Porsche to become synthetic fuel-maker from 2022

New facility to produce fuel compatible with unmodified combustion engines, pumping out 55 million litres by 2024

Porsche has announced it will begin trials of its own synthetic fuel next year with the aim of becoming a major producer of the carbon-neutral alternative to petrol or diesel.

According to Porsche boss Frank Walliser, the new fuel has been developed for use in unmodified combustion engines.

In partnership with Siemens Energy, AME and Enel, as well as the Chilean petrochemical company ENAP, Porsche will open a new manufacturing plant in Chile that will make synthetic fuel with the aid of wind power.

The German sports car marque detailed its plans for the e-fuel refinery late last year, which should help future-proof its famous ‘boxer’ combustion engines and ensure the Porsche 911 will continue in its current form for at least the remainder of this decade.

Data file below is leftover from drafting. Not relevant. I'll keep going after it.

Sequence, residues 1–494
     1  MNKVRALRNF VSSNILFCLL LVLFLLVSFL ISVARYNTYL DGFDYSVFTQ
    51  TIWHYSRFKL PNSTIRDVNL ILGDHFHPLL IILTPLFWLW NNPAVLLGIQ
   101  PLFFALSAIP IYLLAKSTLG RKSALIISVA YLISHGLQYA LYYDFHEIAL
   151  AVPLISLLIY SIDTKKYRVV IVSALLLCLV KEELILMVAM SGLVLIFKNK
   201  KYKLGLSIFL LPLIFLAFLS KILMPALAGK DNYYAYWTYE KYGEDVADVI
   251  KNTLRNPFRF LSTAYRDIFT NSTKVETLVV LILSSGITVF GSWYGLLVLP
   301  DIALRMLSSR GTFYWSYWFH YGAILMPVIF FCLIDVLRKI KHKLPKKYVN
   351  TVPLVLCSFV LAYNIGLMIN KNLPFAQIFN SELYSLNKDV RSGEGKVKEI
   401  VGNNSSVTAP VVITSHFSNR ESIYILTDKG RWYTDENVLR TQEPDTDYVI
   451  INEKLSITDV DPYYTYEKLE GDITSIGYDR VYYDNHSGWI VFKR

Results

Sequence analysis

Set to open by 2022, Walliser said production will be ramped up to 55 million litres a year by 2024 and 550 million litres by 2026.

According to Porsche, synthetic fuels will soon substitute current fuels refined from crude oil, with the e-fuel to be available from the existing network of filling stations.

Walliser said there is no impact on vehicle performance, with some engines actually seeing an increase in horsepower.

The chief advantage is lower emissions, less particles and reduced levels of NOx.

The development of synthetic fuels will help Porsche reduce its average fleet emissions in line with EU targets.

Made up of around 8-10 components, compared to today’s fuels that have between 30-40 additives, Porsche says its synthetic fuels have zero by-products in their production.

“At full scale, we expect a reduction in the CO2 impact of around 85 per cent,” said Walliser.

“If you consider well-to-wheel, where we have to transport fuel, we have a global supply chain, everything around that – you have efficiency across the whole process.

“In a well-to-wheel consideration, it is on the same level as an electric car,” he said.

Porsche is not the only car-maker within the Volkswagen empire to be developing synthetic fuels, with Bentley and Audi both understood to have invested in the fuel, while British car-maker McLaren says it should soon have a prototype capable of running its e-fuel.

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